Differences Between Message-Centric Invocations and RPC

The main difference between message-centric invocation and RPC lies in the programming model. RPC is a good model for function-centric invocations. As discussed earlier, it works well when we have clearly defined functions and associated parameters. The parameters can be simple data types or complex objects, in which case the objects have to be serialized as bits and bytes when traversing through the wire, often resulting in performance degradation. RPCs are typically associated with synchronous functional invocations and do not support messaging semantics such as assured delivery.

The message-centric model is frequently used for data-centric programming. That is, data is exchanged in a prescribed message format that both the sender and receiver can understand. Hence there is an emphasis on data delivery using native communication protocols and programming support to send and receive data. Often, these programming models are used for loosely coupled integration with messages and events flowing back and forth. The strength of the message-centric model lies primarily in the implementation of the messaging system, such as support for a wide variety of platforms and languages, assured delivery, persistence, support for asynchronous invocations, support for open standards, and performance. Table 1 captures the main differences.

Current SOAP engines provide interfaces for both messaging and RPC. Use of one methodology does not preclude use of another, even within the same application.

Web Services and Message-Centric Invocations

In the Web services world, messaging middleware plays an important role. The SOAP framework offers a platform-and transport-agnostic protocol to invoke Web services. However, it does not address many of the messaging semantics such as assured delivery, support for asynchronous messages, and persistence. SOAP messages can be bound to any transport, such as HTTP for example. However, the typical invocation of Web services is implemented by sending SOAP using HTTP. The problem is that HTTP does not offer assured delivery nor does it have asynchronous capabilities. If your application demands message semantics such as robust delivery of Web services and asynchronous messaging capability, you should bind SOAP-based Web services to robust messaging middleware like IBM’s WebSphere MQ.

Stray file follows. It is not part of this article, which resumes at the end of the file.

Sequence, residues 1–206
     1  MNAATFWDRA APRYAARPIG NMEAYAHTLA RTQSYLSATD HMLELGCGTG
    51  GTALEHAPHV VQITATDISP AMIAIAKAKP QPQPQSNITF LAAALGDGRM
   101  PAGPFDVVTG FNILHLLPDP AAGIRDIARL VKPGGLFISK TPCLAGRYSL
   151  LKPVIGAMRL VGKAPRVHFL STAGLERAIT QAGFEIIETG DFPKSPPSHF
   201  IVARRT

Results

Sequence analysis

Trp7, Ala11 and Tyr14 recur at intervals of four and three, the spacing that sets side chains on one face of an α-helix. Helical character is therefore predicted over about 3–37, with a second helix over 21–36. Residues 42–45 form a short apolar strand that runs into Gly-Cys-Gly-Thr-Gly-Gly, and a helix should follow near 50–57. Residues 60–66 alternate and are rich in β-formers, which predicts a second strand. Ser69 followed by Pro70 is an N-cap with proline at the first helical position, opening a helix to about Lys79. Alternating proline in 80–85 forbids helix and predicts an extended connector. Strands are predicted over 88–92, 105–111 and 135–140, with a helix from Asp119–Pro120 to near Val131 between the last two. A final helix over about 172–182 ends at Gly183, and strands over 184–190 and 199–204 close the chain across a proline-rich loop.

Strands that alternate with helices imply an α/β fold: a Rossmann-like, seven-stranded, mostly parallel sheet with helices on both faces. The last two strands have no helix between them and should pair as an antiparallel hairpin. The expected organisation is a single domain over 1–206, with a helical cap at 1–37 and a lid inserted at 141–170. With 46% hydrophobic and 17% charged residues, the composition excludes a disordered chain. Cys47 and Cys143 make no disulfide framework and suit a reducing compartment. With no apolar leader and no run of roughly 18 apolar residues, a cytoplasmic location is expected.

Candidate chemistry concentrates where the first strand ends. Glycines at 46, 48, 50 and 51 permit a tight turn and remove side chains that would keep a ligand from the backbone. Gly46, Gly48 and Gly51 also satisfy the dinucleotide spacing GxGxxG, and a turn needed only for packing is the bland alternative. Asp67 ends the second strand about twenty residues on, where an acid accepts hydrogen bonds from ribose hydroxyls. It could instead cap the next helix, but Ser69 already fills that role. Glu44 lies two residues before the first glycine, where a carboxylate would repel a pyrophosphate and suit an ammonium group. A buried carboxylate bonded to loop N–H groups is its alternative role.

SOAP provides the header semantics that allow intermediaries to provide higher-level functions to the message flow. Protocols have been discussed which address reliable delivery, transaction processing, correlation, routing, security, and more.. When these protocols are used as part of the SOAP messaging flow, their benefits can be achieved without changing the semantics used to invoke the Web service. In other words, these benefits can be achieved regardless of RPC or message-based invocation style.

Now that we’ve discussed the evolution of RPC and message-centric invocations, let’s look at how SOAP addresses both invocation models.

Evolution of SOAP: How You Can Do Both

SOAP is intended to be a simple yet powerful extensible protocol for distributed messaging based on XML. A key element of SOAP is its concept of having a message envelope and a set of headers. The envelope contains the message body that can be XML data or parameters and is intended for the recipient. As a SOAP message can hop through several intermediaries before it reaches its destination, the header contains routing and message-handling semantics for the intermediaries.

Another key extensibility point is that SOAP can be bound to various transport protocols. HTTP is the default binding specified within the SOAP specification and its use has been one of the key contributors to the success of SOAP. Although HTTP is the most common transport, it is by no means the only one. SOAP is designed such that its semantics are largely independent of the transport binding. This allows a client to remain unaffected if alternate transports are used. Other transports can be used to provide reliable delivery or other capabilities. Other bindings could include JMS (Java Message Service) and WebSphere MQ.

SOAP’s capabilities have provided for the transport and data format neutrality necessary for successful distributed computing. Previous distributed models such as RPC and CORBA specified more complex common data formats, but did not provide a simple and replaceable transport binding. SOAP is poised to satisfy the market need for a platform-agnostic distributed computing model.

The SOAP model has encouraged the development of follow-up specifications to enable higher-level functions. These functions include:

* Security: SOAP’s support for intermediaries requires that messages provide a means of end-to-end security, beyond the traditional transport-level security offered by SSL. The WS-Security lays the groundwork for core security constructs.